The Enlightened Nerd: Kyler Seller, Pinball Machine Collector

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The Enlightened Nerd is a column designed to enlighten the inner nerd in all of us through local whimsical and intellectual events, people, and places. Know a nerdy person, event, place, or thing in Vancouver? Send it in here or tweet it to @karolinakay_ (#theenlightenednerd)!

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Photo by Philip Moussavi (@phil.mou)

I recently visited the Museum of Vancouver’s current exhibit “All Together Now: Vancouver Collectors and Their Worlds” where I stumbled upon the intrinsic lives of twenty unique individuals. Each individual was so deeply and explicitly passionate about their collected item, whether it be chairs, corsets, or circus toys, that it made them a professional in that area, or, an enlightened nerd.

One of these enlightened nerds is Kyle Seller, pinball machine and arcade game enthusiast. At forty-one years old, he has over seventy-five pinball machines, having purchased his first machine at eighteen years old. Seller formerly worked as a game designer for Electronic Arts (better known as EA Games) for ten years before going all out with pinball through his company East Van Amusements.

Seller shares his love for the 80s retro arcade era and the stress-relieving strategy-based game by renting out his machines to Vancouverites for events of all kinds. These machines are also contained across the city in bars and pop-up spaces (like at Canada Place on Canada Day, the mecca for pinball champs Pub 340, and the children-friendly Landyatchz). I spoke with Kyle a little more about how he had found himself between the bumpers.

Kyler Seller. Courtesy of the Museum of Vancouver.
Kyler Seller. Courtesy of the Museum of Vancouver.

Q: When did you first start collecting pinball machines and arcade games?
A: I bought my first machine when I was 17 or 18 years old from an arcade called “Pie in the Sky” in Burnaby. I bought a Bubble Bobble.

Q: What drew you to buying a pinball machine and this piece specifically?
A: I was just a crazy addict when it came to games. When I was a kid my parents bought me a Nintendo and I was totally hooked. After that, I had to have every system. My pals and I used to go to 7/11 and play pinball, which is totally weird because there’s nothing like that anymore. We used to skip school and hang out at arcades. I don’t know, there was just something about it. I really felt that I needed to get an arcade machine.

Q: How on earth do you find all your machines?
A: It’s totally crazy. When I first started collecting, no one really bought this stuff. You would find them in the newspaper – again, weird. Now pinball and arcade game collecting is almost mainstream and they’re so expensive. Ten years ago I could buy a certain game for $2,000 and now it’s like $7,000. A lot of collectors buy them and just keep them in their basements. So there’s none available anywhere unless you know the sources and are willing to pay the price. Otherwise, they’re all dried up.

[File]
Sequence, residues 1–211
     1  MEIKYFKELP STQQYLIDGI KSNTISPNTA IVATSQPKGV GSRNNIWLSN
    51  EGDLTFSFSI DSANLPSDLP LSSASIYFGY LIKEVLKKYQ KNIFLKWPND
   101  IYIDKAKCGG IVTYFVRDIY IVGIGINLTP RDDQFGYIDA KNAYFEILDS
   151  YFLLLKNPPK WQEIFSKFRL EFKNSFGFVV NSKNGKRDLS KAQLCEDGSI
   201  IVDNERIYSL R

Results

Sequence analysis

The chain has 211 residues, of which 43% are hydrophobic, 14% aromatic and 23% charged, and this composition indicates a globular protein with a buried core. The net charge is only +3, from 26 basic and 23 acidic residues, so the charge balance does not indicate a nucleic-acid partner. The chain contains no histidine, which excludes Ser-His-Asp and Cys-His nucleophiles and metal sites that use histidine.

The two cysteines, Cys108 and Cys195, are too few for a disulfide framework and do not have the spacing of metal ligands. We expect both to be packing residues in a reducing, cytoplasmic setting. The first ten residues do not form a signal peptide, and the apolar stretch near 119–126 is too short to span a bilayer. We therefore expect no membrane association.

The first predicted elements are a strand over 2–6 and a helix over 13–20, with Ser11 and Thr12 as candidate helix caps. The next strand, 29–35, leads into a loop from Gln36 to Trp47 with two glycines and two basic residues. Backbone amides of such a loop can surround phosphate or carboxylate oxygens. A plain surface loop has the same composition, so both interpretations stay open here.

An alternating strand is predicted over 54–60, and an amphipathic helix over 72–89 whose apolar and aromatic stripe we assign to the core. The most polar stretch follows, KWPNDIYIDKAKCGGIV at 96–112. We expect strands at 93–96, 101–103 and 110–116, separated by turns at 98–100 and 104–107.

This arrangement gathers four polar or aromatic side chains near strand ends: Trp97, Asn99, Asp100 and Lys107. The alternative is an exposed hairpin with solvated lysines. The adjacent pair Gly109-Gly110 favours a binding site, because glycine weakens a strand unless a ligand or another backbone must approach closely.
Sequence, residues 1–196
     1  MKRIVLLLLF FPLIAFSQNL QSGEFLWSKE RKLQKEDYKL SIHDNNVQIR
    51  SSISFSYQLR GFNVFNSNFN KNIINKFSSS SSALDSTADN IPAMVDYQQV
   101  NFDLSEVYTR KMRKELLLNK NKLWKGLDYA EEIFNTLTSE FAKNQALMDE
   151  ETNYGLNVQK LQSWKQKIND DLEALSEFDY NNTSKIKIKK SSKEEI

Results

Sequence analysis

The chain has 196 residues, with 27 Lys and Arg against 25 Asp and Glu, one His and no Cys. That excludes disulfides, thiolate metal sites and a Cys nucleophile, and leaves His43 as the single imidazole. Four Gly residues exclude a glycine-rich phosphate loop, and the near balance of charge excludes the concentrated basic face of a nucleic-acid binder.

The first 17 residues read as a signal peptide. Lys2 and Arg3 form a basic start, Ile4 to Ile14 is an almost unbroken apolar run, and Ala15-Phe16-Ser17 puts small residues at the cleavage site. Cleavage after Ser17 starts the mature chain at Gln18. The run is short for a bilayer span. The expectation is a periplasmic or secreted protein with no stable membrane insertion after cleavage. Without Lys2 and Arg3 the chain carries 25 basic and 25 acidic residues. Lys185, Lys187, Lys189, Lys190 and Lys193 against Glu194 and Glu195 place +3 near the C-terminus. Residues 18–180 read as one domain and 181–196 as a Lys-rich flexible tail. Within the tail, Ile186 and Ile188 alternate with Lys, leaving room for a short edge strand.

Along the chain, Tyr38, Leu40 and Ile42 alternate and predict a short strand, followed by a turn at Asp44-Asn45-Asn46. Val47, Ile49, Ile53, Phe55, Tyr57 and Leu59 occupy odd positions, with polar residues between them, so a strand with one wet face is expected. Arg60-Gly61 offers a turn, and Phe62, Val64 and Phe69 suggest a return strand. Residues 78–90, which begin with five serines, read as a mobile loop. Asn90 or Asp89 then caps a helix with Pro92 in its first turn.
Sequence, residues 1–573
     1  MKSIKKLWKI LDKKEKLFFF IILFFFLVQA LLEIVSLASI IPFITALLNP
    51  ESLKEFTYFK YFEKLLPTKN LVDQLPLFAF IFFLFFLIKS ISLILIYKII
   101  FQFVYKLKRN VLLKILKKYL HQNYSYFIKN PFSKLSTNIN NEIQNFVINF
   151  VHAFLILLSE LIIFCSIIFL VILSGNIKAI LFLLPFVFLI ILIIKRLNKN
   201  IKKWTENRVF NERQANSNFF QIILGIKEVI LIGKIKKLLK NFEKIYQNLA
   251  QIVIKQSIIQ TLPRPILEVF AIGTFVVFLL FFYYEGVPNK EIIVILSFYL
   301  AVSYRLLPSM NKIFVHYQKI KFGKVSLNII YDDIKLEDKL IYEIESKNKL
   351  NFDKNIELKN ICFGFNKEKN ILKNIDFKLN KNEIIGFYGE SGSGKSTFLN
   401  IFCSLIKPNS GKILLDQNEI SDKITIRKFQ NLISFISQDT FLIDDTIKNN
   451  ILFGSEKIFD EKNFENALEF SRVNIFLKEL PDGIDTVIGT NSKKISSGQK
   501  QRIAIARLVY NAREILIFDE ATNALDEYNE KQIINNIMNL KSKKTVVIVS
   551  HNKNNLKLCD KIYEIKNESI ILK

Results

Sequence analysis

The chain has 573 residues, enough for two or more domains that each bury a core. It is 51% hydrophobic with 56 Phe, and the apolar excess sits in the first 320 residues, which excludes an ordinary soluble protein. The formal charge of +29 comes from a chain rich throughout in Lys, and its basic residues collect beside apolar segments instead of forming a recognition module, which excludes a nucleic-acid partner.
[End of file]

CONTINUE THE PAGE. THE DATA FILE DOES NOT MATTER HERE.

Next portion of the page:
Q: Have you met anyone with a larger collection than yours?
A: Oh yeah. My best friend has over 100. He’s a certified hoarder though.

Q: What is your most rare and/or most favourite piece?
A: My favourite pinball game is probably Fun House. I have a rare version of it called the sample machine that they used to test during production, so it’s different from the end product. I have a few sample machines like that and they’re definitely rare. A lot of the games at the Museum of the Vancouver’s exhibit are my favourite and it has a lot to do with the art, theme, music, and sound effects.

Q: Do you have any tips for pinball newbies?
A: Don’t hit both flipper buttons at the same time and don’t get discouraged, there are lot of cool tutorials online for basic skills.

Seller can be spotted at the Museum of Vancouver performing weekly maintenance on his cherished apparatuses and he will also be hosting two events at the MOV related to his exhibit: a Happy Hour Pinball Tournament (pinball games with booze!) and a high-scoring Pinball Q&A with himself and Robert Gagno, International Pinball Champion. If pinball fanatics feel like throwing themselves into the pinball lane further, there are public pinball tournaments at Pub 340 and Landyatchz throughout the year, for both pinball newbies and wizards.

Me and My Collection: Between the Bumpers
Museum of Vancouver, 1100 Chestnut Street, Vancouver
Thursday October 6th at 7PM

Happy Hour: TILT! Public Pinball Tournament
Museum of Vancouver, 1100 Chestnut Street, Vancouver
Thursday October 13th at 6PM